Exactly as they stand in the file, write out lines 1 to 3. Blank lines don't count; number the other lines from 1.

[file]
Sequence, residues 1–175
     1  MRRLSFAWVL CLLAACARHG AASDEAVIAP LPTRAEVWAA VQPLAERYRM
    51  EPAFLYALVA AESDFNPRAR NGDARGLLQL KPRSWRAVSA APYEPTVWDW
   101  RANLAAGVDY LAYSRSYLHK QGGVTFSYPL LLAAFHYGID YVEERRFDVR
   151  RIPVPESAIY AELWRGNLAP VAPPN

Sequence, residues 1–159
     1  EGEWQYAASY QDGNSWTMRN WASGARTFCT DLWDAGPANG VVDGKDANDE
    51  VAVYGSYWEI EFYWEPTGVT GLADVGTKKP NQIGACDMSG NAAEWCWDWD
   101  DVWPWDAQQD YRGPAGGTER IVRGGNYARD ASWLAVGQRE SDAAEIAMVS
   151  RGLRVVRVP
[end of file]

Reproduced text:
Sequence, residues 1–175
     1  MRRLSFAWVL CLLAACARHG AASDEAVIAP LPTRAEVWAA VQPLAERYRM
    51  EPAFLYALVA AESDFNPRAR NGDARGLLQL KPRSWRAVSA APYEPTVWDW